It snowed yesterday night. An inch or two of heavy wet snow, perfect for snowballs, and for preserving the signs of a shy nocturnal visitor. When I went outside to shovel, our street was criss-crossed with animal tracks. There were squirrel tracks and rabbit tracks, but as usual the most numerous and obvious were those of a red fox. Although we very rarely see it, every night a fox patrols our neighborhood in the southwest side of Madison looking for mice and rabbits, and occasionally raiding a trash bag or stealing pet food that's been left outside.
Watching for tracks is the easiest way to know if red foxes live in your neighborhood. Fox tracks are easy to spot if you know what to look for. Although a fox's footprint is similar to a small dog's, foxes have a distinctive gait. A fox usually places its rear feet directly in the track made by its front feet, so fox tracks are an almost straight series of footprints. The pictures below show a fox track and a close up of a couple of individual footprints. They're a little under two inches, about the length of a typical door key.
(Click on pictures for larger versions)
Red foxes have adapted quite well to suburban and urban areas, and are far more common in Madison than most people realize. They live in much of the city, although they're usually nocturnal and very cautious. Although the red fox is native to northern North America, the ones here are likely descendants of English foxes that were brought to the American colonies three hundred years ago for fox hunting.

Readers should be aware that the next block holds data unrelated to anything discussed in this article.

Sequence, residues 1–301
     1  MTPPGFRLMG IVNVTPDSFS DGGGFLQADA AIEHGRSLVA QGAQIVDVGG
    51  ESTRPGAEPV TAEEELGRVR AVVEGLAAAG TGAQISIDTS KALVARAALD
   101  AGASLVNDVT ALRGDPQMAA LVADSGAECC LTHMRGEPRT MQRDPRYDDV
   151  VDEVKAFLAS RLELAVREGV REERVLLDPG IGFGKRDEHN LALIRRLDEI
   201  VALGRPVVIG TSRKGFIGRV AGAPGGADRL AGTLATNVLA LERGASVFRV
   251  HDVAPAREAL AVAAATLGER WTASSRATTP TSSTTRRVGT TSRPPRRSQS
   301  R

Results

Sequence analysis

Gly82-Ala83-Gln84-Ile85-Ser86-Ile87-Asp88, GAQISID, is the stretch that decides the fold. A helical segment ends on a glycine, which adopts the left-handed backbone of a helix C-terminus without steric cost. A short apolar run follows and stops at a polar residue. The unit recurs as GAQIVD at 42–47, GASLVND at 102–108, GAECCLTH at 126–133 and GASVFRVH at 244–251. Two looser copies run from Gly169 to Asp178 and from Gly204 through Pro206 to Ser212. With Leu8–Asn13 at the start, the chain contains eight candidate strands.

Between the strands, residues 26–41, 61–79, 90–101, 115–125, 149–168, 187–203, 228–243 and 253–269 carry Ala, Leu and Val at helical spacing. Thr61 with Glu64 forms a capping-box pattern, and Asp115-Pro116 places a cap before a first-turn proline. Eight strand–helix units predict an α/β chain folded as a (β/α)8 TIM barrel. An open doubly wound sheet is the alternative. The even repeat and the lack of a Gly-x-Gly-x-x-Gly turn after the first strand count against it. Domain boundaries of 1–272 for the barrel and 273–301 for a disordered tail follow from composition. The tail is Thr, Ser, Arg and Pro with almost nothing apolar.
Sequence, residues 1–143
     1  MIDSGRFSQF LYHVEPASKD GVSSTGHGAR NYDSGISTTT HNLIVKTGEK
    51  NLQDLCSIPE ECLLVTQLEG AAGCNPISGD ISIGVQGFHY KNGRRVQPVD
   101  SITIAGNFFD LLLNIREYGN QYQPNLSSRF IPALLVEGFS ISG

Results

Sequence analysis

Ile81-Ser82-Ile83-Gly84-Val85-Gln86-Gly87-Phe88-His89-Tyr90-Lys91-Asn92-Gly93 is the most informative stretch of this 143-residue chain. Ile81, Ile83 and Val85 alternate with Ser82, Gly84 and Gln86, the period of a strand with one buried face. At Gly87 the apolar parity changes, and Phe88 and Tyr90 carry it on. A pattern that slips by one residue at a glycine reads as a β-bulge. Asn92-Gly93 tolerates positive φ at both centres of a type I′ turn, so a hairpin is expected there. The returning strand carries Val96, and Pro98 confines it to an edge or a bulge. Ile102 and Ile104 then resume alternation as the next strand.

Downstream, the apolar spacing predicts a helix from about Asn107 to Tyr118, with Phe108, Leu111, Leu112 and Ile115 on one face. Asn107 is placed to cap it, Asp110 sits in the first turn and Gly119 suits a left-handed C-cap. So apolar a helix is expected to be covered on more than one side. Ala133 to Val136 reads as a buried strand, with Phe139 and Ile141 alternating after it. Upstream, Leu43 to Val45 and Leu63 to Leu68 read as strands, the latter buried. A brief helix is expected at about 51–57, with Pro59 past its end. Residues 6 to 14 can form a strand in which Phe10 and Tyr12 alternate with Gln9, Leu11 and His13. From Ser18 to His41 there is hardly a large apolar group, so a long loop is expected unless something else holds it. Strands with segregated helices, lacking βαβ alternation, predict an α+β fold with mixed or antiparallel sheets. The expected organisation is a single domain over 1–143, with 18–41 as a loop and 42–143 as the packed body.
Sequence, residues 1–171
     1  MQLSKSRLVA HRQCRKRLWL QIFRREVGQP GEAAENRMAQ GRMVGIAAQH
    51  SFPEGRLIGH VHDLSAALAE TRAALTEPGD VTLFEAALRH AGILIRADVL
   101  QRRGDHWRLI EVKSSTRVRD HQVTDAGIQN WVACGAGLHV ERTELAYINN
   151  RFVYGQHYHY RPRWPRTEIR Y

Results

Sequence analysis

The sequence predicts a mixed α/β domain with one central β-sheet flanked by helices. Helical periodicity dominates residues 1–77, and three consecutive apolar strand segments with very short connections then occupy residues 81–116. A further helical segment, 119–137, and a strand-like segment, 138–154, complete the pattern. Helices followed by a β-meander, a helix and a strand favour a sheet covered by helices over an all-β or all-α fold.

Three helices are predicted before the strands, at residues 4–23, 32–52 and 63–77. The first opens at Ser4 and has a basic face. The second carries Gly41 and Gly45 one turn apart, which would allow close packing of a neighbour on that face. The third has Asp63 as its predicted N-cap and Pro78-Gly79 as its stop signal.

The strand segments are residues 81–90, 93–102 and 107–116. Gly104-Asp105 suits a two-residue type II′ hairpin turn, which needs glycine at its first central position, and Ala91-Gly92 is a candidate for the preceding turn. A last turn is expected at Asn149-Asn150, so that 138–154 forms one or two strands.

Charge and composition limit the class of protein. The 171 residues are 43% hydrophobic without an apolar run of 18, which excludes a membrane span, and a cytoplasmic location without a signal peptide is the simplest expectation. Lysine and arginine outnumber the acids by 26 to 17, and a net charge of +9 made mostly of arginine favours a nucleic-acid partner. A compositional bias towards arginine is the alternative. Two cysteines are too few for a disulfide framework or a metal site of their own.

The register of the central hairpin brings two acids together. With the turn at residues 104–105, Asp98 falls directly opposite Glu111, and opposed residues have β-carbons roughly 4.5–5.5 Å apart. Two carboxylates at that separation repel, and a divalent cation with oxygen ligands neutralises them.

Although their lanky build and bushy tails tend to make them look larger, red foxes are actually quite small, roughly the weight of a house cat. They prefer small prey, such as insects, earthworms, and mice, and rarely kill anything larger than a rabbit. They also eat fruit and will scavenge carrion, garbage, and almost anything else edible. They aren't aggressive towards humans, and unlike coyotes, which also live in parts of Madison, foxes don't prey on pet cats and dogs, although if you keep chickens you have to be careful.
My love for foxes goes way back. I did quite a bit of wildlife rehabilitation in my youth, and one of the animals I worked with was a hand-raised red fox names Rufus. Rufus was exceptionally tame and trusting for a fox, and would actually come out of his den when called and take food from your hand. He loved grapes and mice! Sadly, Rufus' trust of humans was his downfall. One night someone climbed the eight foot fence into his pen, and when Rufus came out to see who it was he was beaten to death.
It's sad that so many people fear and dislike red foxes. They're beautiful and generally beneficial, and one of the few truly wild things left in this wonderful city.
The picture at the top of this post is from the Pennsylvania Game Commission. They have lots of great wildlife pics, well worth a look.